Teaching Kids About Money

It’s never too early to teach children about money. Shane likes to get new games for the iPad allthetime, which was getting expensive. We knew we had to find a way to show Shane that we simply couldn’t get him 10 new $6.99 apps every single week. He’s only three, but we already have a small system in place that is exposing him to it a little, and while I wouldn’t exactly trust him with my credit card, I think we are setting him up to understand it more easily when he’s older.

Teaching Kids About Money- An Easy Idea for Beginning Learners

What we do: Each week, Shane is given three “Shane Dollars” {printed pieces of paper that have “Shane Dollar” written on them- our system is super intricate} on Monday. Each Shane dollar is good for one app from the app store for the iPad.

How it Helps:

Budgeting: Shane knows that having three “Shane Dollars” means he can get three games, so instead of asking for games he doesn’t really want, he takes his time to look at screen shots for games & asks us if they’d be good ones for him to pick. For now, all apps, regardless of price, are worth 1 “Shane Dollar”, though soon we plan on making paid apps worth 2 so that he can get deeper into budgeting, when he has to decide if that paid app is really worth 2 “Shane Dollars” when it means he gets one less game.

Patience: If you work a typical job, you get a paycheck every two weeks, or weekly. You likely don’t get paid every day. So having Shane get his “Shane Dollars” on Mondays causes him to need to be patient- even if he blows through all of his Dollars on the same day, he has to wait until Monday.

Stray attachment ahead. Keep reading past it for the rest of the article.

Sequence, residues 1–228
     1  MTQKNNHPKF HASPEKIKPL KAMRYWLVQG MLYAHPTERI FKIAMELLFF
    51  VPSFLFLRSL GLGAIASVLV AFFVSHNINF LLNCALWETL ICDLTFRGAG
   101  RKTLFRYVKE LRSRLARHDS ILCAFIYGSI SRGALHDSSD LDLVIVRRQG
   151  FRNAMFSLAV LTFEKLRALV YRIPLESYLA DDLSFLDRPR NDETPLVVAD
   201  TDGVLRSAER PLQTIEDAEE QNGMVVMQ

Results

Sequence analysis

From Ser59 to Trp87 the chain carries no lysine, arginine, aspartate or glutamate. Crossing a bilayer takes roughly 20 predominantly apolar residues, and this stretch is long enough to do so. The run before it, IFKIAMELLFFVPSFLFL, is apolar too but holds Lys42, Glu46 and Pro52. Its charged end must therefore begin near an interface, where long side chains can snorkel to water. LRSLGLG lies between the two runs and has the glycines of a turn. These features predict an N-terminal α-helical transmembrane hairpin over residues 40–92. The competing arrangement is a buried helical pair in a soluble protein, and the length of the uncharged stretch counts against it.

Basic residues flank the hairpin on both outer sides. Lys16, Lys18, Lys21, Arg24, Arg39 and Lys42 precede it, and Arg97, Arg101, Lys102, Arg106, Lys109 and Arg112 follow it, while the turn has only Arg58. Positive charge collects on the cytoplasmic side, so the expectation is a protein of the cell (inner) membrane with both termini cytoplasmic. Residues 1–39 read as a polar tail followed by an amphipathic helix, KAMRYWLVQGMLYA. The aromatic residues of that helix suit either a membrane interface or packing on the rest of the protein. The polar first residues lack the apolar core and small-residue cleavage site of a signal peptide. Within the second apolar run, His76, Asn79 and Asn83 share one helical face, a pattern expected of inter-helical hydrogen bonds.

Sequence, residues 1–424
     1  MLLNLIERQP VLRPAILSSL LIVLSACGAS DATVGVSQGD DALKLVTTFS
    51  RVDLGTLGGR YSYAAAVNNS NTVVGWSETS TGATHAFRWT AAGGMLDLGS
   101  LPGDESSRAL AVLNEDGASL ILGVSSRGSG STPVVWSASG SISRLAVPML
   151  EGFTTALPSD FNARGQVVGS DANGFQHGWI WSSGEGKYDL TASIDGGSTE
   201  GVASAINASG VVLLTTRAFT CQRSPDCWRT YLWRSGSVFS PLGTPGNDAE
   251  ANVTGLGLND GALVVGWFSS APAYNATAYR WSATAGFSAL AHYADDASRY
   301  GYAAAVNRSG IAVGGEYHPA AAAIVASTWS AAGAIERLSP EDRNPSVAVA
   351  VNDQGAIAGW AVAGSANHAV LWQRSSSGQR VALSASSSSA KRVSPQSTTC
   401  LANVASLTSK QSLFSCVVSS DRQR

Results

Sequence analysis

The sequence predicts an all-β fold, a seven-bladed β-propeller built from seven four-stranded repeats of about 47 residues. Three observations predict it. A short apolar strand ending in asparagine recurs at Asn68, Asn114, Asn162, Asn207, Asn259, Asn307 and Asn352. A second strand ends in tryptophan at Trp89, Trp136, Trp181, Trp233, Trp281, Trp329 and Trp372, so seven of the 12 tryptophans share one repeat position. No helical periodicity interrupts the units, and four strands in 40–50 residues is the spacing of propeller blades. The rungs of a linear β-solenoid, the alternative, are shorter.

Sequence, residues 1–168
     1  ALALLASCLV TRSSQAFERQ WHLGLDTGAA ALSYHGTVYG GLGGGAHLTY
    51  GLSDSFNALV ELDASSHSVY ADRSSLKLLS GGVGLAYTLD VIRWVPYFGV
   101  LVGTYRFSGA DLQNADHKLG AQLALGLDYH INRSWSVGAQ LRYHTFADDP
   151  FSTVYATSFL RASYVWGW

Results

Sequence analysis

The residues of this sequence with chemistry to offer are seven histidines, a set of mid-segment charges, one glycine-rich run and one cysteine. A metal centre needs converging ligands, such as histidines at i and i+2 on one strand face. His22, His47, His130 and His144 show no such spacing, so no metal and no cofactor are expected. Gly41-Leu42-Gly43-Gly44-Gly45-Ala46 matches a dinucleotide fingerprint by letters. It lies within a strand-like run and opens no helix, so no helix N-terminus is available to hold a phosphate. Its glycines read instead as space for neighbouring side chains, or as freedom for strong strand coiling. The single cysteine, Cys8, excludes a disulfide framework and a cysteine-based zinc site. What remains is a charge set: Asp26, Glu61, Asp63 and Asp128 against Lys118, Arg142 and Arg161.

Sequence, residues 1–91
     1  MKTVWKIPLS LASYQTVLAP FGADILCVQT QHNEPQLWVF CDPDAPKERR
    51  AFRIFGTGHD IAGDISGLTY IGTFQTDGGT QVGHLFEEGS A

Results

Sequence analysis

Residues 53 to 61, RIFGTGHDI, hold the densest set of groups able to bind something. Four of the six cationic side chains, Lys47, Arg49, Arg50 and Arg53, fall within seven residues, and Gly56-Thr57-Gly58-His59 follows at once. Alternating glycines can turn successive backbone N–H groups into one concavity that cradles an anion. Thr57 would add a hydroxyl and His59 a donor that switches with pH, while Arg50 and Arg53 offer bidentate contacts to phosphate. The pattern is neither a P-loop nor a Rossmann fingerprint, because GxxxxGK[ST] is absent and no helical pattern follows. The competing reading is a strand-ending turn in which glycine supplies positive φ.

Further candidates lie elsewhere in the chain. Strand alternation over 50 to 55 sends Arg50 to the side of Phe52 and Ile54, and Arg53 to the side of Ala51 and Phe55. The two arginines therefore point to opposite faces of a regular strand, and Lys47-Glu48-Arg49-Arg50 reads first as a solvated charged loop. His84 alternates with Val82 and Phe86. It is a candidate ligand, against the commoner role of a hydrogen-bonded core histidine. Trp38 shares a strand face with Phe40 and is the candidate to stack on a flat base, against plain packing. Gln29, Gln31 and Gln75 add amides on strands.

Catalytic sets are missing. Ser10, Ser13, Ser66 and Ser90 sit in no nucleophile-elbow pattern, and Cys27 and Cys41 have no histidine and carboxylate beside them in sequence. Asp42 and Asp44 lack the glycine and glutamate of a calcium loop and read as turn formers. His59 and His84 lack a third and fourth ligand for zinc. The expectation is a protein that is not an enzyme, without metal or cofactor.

The Value of Hard Work: On occasion, Shane will find a game that he has to have RIGHTNOW but he’s out of “Shane Dollars”. Usually, we still have him wait until Monday, but once in awhile he’ll have the opportunity to earn additional money. He gladly takes up the easy tasks we give him, like moving the recycling into the proper container or helping me sort laundry, in exchange for a bonus “Shane Dollar”.

While our system is not even close to the only one, it’s what works for us right now. We use this very basic system because Shane is only three years old, but as he grows, so will our system. Eventually we will switch to real money & he will have to save up to purchase items, and he will  have a set list of chores to do each week before he can receive his allowance. &While Shane uses his “Dollars” to buy iPad apps, you could easily apply this to whatever your child can’t get enough of! Teaching kids to budget when they’re young gives them an advantage for later as it isn’t always easy to figure out exactly how much you need to budget each month.

Genworth Financial knows how hard it can be to budget & they now have an Easy Budget Calculator that can help you plan for retirement. By entering the amounts of your bills & income, you can determine what you can really afford vs. what you want. Looking at the sheet makes me realize how little of the answers I have for myself, though Justin does most of our finances so that’s a big part of the reason. {It also explains why as women get older, they become more financially educated- something that this article that I recently read from Yahoo! can explain much better than I can.}

How do you teach your children to budget?

Note: Information for this post is sourced from Genworth Financial in partnership with the SheHeard Influencer Network. All opinions are my own.

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